On 24 October, Alison Hannah, PRI’s Executive Director, spoke at the Irish Penal Reform Trust (IPRT)’s launch of its new project, Progress in the Penal System (PIPS). PIPS is a major three-year project monitoring human rights and best practice in Ireland’s prison system. It sets out 35 standards for the prison system, together with indicators and actions to monitor progress. Taking account of the Nelson Mandela Rules and the Bangkok Rules in the national context, the IPRT has set itself an innovative and ambitious project to benchmark Ireland’s progress towards an effective and humane penal system.
Alison Hannah congratulated the IPRT on the comprehensive report, which sets out the purpose and policy goals of the project. It is a truly innovatory approach by Ireland’s leading NGO in the field of penal reform, and sets the bar high in measuring progress towards its goals. She spoke of the importance of standard-setting in penal reform and the role of the UN standards in particular in providing guidance for implementing good practice. The IPRT has enthusiastically set out its aims not only for humane treatment of prisoners but also an ambitious target for reducing the prison population further and developing alternatives to custody. With a current rate of imprisonment that is approximately half that of England and Wales, IPRT show their determination to continue campaigning for greater use of non-custodial sentences, a campaign that PRI wholeheartedly supports.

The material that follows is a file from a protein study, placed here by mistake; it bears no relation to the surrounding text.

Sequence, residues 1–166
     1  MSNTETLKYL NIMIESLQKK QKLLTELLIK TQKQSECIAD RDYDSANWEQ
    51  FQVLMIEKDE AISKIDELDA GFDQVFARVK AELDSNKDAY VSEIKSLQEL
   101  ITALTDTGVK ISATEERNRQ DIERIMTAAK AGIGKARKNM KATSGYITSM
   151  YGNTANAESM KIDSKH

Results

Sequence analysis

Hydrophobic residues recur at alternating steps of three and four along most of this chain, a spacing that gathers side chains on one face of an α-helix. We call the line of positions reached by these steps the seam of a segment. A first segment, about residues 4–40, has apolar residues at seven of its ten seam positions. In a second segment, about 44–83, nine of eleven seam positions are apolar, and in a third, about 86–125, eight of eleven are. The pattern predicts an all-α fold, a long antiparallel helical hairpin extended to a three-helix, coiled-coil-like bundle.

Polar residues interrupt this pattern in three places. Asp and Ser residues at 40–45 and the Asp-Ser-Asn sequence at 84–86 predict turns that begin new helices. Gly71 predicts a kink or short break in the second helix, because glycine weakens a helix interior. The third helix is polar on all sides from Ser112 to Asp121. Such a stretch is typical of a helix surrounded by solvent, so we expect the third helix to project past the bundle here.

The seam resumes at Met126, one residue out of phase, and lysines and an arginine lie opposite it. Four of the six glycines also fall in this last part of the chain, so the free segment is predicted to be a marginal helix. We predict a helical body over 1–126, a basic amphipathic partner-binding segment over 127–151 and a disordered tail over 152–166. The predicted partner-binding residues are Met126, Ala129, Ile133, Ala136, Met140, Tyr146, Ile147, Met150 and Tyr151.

Read PRI’s short guides to the Nelson Mandela Rules and the Bangkok Rules.